07 March 2023
As a small business owner, you are probably familiar with the annual financial statement filing requirements for small companies. Your accountant may have assured you that certain information won't appear on the company record or is only for management purposes. While these statements are true, they may not be true for much longer.
Presently, small companies are only required to file a balance sheet supported by a limited number of notes. These accounts are available for anyone to view on Companies House, but they may look quite different from the ones propping up your coffee table.
Understanding the New Filing Requirements for Small Companies
However, the government has released a white paper outlining its plan to reform Companies House operations and improve financial transparency (Part Two of the Economic and Corporate Transparency Bill). As a result, small companies will no longer have the option to file "filleted" accounts. Instead, the accounts filed will include a profit and loss account and a director's report.
The Implications of Companies House Reforms on Small Companies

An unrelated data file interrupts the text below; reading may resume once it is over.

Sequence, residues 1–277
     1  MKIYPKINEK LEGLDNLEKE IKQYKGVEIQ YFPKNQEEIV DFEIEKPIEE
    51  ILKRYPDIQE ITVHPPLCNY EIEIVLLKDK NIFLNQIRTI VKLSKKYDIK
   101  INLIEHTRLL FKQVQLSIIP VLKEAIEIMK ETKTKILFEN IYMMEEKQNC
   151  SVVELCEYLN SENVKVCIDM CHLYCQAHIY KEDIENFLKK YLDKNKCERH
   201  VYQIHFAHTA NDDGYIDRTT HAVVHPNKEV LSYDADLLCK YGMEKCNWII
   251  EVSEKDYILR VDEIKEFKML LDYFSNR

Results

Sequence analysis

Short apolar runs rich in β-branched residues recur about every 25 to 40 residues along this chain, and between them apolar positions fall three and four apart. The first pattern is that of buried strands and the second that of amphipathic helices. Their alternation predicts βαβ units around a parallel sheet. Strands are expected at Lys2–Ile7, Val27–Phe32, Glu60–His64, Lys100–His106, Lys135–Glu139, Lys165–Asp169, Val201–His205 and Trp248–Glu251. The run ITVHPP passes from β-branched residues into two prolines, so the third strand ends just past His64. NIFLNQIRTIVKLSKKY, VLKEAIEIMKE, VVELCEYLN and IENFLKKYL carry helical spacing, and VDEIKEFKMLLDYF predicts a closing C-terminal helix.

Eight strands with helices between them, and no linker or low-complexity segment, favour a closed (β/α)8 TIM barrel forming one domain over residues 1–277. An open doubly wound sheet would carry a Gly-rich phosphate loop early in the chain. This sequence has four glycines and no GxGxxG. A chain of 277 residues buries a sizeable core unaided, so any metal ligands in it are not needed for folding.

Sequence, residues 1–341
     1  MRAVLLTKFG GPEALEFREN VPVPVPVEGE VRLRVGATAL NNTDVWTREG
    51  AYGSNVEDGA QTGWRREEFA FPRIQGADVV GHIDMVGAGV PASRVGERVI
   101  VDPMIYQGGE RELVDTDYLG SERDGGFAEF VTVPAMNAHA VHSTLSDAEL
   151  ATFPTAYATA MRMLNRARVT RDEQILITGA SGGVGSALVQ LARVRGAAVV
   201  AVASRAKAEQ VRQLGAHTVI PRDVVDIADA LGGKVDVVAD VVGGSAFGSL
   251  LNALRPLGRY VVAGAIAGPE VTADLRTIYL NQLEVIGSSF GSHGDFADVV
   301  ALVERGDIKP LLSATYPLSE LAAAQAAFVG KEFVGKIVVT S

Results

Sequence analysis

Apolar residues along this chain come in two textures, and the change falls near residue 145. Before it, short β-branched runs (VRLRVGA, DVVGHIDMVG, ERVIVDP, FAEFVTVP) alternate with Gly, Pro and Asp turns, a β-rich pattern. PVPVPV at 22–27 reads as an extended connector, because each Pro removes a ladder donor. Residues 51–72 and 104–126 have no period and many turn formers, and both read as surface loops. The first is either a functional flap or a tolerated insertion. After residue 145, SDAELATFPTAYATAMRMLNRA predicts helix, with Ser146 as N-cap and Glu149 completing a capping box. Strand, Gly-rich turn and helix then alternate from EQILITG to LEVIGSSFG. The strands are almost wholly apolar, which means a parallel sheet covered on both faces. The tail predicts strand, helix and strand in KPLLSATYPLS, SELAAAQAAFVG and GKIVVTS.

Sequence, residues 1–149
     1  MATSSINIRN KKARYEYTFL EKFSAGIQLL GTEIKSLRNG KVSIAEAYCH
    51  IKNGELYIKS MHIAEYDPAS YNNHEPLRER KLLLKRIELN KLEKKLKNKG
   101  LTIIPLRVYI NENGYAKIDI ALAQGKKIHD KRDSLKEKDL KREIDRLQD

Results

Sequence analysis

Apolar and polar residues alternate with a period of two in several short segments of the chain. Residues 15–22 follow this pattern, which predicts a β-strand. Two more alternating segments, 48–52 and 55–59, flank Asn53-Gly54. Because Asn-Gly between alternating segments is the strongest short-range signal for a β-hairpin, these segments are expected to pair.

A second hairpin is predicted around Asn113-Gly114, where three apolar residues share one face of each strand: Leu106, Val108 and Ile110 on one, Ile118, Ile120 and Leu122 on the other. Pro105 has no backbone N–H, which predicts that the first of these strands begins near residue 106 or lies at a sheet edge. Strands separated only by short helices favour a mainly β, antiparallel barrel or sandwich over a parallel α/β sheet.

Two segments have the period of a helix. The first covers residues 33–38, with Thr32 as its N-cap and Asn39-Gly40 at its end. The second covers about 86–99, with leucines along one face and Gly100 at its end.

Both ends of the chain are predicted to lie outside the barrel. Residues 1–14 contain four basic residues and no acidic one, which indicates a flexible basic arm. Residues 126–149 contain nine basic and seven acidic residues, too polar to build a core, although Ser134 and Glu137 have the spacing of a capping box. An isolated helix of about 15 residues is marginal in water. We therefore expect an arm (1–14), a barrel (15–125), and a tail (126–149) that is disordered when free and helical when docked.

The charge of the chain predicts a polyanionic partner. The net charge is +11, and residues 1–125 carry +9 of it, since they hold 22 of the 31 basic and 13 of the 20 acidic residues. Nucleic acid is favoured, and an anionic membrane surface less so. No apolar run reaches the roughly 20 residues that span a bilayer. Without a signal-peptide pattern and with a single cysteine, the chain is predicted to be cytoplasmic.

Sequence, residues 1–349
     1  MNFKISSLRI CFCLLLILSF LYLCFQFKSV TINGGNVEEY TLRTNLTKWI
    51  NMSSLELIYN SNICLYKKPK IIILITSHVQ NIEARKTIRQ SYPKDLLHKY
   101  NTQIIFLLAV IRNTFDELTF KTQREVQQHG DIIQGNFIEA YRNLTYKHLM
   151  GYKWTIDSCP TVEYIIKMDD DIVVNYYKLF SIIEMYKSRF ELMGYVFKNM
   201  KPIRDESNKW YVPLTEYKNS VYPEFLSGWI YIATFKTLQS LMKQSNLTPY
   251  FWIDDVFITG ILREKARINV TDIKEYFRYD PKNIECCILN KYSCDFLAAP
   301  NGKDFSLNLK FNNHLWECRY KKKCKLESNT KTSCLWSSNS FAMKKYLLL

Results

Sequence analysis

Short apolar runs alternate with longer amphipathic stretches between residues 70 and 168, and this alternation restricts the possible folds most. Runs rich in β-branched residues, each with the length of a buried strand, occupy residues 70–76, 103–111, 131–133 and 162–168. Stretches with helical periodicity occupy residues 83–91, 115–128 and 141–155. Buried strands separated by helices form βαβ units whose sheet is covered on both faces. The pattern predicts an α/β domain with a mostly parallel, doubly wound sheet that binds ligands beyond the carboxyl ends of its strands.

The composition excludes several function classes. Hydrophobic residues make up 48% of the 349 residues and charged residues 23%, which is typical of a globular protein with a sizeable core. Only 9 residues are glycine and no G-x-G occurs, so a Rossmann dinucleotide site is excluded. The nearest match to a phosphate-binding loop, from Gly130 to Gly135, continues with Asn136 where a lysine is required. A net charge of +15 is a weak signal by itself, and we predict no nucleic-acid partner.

This change will have significant implications for small companies. For instance, let's say your company made £100,000 in profit after tax last year, and you took £80,000 as a dividend. Currently, all that appears on Companies House is your balance sheet, which shows retained earnings moved by £20,000. This provides very little information on the company's financial activities, leaving room for ambiguity.
Under the new regulations, your profit and loss account will be available to everyone, including your suppliers, customers, and staff. This means that everyone will know that your company made £100,000 in profit after tax and will also be able to see your Gross Profit. They will also know therefore that your company issued an £80,000 dividend, with your retained earnings only increasing by £20,000.
If you are a single owner-managed business, this is a considerable amount of information that will now be available for public scrutiny.
Preparing for the Changes: Considerations for Small Business Owners
So, what can you do to prepare for these changes? While the white paper has yet to receive royal assent, the reforms are due to be passed in Spring 2023. As a small business owner, you may wish to consider changing the way in which you are remunerated (bonus vs dividend), particularly given the concurrent changes in dividend rates and allowances, a bonus would mean that a reader could not see details of your personal income.
At Haines Watts, we understand the importance of keeping you informed about these changes, even when the news is not ideal. We are here to help and advise you on the best course of action for your business. Get in touch with us today, and let's work together to ensure your company's financial information is transparent and compliant with the new regulations.